There are at least 200 known people in Newfoundland and Labrador with inherited defects in the BRCA genes — mutations that cause high rates of cancer.
For women with BRCA, the risk of developing breast cancer can be as high as 75 per cent and the risk for developing ovarian cancer can be up to 40 per cent. For men, it means higher risks of prostate cancer.
Research has shown that one in 300 people worldwide carry such a faulty gene, meaning there could be an additional 1,300 people in this province carrying the gene.
National recommendations are that mutation carriers use screening and preventive surgeries to eliminate or lower their cancer rates, or to detect cancers earlier, improving their survival by more than 70 per cent.
Early detection does make a difference: Research shows that preventive ovarian surgery is highly effective because ovarian cancer has no proven screening test and a poor survival rate. Meanwhile, stage one breast cancer has a survival rate of 90 per cent, whereas a woman diagnosed at stage four faces a survival rate of 15 per cent.
The N.L. BRCA research study, led by Dr. Lesa Dawson, associate professor at the Faculty of Medicine and gynecologic oncologist, discovered that more than half of BRCA carriers in Newfoundland and Labrador are not accessing cancer prevention and screening according to those national guidelines.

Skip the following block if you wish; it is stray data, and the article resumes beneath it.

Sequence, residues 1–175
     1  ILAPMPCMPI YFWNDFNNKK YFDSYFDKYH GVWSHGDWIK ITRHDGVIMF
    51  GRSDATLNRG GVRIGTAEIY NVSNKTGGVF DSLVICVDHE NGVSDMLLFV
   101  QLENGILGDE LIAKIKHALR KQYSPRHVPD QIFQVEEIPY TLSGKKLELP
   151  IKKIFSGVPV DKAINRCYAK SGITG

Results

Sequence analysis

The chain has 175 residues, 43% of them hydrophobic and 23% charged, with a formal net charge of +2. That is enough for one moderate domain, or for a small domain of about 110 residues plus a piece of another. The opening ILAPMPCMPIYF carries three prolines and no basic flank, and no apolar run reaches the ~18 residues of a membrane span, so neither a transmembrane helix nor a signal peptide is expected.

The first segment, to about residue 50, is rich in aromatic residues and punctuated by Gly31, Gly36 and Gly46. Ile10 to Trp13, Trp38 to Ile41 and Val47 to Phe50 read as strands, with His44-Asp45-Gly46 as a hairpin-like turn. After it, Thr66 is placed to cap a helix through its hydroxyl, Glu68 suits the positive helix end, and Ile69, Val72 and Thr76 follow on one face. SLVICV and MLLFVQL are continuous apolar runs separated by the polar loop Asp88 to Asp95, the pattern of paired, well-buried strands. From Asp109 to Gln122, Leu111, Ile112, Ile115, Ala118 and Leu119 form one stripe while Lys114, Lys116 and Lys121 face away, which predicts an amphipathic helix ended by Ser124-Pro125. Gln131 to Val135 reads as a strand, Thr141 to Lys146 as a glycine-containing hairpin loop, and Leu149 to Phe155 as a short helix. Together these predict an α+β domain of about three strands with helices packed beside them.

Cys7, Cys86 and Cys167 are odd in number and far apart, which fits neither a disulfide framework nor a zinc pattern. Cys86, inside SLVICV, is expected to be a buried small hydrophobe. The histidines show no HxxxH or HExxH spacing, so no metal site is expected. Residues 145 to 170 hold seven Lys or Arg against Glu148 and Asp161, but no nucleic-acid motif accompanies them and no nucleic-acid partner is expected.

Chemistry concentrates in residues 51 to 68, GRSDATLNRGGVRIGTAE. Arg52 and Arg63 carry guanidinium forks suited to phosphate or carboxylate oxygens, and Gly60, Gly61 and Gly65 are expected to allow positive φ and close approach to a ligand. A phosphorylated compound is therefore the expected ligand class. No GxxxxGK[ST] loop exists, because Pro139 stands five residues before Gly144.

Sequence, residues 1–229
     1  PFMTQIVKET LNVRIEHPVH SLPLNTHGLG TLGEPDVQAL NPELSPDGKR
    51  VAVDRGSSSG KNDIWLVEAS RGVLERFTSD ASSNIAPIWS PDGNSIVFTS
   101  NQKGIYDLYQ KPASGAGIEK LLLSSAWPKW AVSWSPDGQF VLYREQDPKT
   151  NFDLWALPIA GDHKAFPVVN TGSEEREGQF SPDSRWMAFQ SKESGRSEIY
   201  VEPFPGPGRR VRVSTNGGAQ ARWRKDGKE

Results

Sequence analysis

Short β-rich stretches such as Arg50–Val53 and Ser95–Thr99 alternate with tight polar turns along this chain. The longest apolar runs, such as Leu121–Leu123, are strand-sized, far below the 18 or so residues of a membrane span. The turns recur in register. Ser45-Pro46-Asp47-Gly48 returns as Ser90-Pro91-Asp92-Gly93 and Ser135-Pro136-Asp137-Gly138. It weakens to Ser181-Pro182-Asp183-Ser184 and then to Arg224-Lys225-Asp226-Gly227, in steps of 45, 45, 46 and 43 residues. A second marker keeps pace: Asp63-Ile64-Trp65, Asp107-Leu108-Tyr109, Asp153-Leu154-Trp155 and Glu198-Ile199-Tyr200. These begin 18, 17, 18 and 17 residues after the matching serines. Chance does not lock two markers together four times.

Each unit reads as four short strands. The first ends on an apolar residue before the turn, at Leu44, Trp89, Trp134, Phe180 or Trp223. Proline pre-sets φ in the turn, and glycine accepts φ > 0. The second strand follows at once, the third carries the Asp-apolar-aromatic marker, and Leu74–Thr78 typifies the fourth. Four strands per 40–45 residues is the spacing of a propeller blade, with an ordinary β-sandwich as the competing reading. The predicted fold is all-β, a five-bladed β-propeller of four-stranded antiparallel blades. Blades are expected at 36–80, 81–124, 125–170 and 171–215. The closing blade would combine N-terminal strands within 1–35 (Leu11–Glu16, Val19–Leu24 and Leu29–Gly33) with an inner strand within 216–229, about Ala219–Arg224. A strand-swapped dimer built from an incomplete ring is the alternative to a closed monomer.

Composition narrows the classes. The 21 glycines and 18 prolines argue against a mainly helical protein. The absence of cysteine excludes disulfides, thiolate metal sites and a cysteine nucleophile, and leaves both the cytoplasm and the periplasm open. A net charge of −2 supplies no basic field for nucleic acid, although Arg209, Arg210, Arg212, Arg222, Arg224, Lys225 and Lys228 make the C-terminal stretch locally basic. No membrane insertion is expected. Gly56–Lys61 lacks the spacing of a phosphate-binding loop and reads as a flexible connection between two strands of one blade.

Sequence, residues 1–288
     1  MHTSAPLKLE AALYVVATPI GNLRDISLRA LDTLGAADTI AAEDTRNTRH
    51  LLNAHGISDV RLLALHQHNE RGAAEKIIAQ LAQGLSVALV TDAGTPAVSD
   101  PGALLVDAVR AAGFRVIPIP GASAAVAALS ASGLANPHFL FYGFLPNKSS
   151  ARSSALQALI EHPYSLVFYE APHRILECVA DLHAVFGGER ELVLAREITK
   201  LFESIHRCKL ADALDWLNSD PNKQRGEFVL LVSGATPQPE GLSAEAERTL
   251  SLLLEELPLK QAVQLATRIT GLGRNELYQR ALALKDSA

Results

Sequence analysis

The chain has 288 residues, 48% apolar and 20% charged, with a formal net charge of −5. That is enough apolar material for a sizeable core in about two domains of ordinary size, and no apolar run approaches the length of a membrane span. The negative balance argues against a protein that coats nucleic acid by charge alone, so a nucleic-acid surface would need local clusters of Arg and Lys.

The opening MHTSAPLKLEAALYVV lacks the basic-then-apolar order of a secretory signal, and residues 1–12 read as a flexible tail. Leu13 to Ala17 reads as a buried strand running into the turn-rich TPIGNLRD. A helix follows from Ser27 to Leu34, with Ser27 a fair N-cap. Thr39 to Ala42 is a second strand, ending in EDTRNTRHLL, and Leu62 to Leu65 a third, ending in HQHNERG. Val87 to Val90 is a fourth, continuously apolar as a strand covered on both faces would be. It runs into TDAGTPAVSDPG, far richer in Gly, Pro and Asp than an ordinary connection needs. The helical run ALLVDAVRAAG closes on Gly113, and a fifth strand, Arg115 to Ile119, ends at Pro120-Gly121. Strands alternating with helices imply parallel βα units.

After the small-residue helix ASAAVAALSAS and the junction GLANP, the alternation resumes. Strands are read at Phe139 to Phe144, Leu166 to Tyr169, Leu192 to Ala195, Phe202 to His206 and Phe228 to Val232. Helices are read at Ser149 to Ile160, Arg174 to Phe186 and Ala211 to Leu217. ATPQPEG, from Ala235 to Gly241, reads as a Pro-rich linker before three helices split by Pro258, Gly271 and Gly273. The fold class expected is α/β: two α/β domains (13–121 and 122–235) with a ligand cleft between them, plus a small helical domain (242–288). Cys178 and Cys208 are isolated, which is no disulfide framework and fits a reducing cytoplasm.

With funding from an N.L. SUPPORT research grant, Dr. Dawson and her team hope to find out why.
In this province, routine clinical BRCA testing is available for patients who have multiple relatives with cancer at a young age.
If a BRCA mutation is found, patients may receive genetic counselling and be referred to general or plastic surgeons, and/or medical and gynecologic oncologists.
Patients then are required to make complex decisions about how and when they will tackle the different prevention options, such as mastectomy, removal of fallopian tubes and ovaries or breast reconstruction.
“Women who attend a clinic offering specialty cancer genetics expertise are far more likely to access proper cancer prevention.”
That complexity of cancer prevention and the lack of cohesive care, in particular the gaps in primary care, is the focus of Dr. Dawson’s current study.
“Our patients tell us that the complicated nature of this problem is the biggest barrier to execution of proper care,” she noted. “Our study has proven that women who attend a clinic offering specialty cancer genetics expertise are far more likely to access proper cancer prevention and screening at the right time.”
As Dr. Dawson points out, there is no co-ordinated support or followup for high risk individuals, nor is there quality assurance around completion of screening or prevention interventions.
The quality of care for these mutation-positive Newfoundlanders and Labradorians rests solely on the individual themselves or the family physician.
“There’s no initiative specifically directed at following these women largely because they haven’t had cancer yet, so they don’t fit under a program.”
Dr. Dawson’s team and patient partners are drafting recommendations about how the province can build “Inherited Cancer Prevention N.L.,” providing mutation carriers with effective navigation and access to expert advice.
“Our study is developed with patients as research partners from the outset and includes them in the identification of solutions and recommendations. We have an opportunity to identify these families and implement cost-effective care that saves lives.”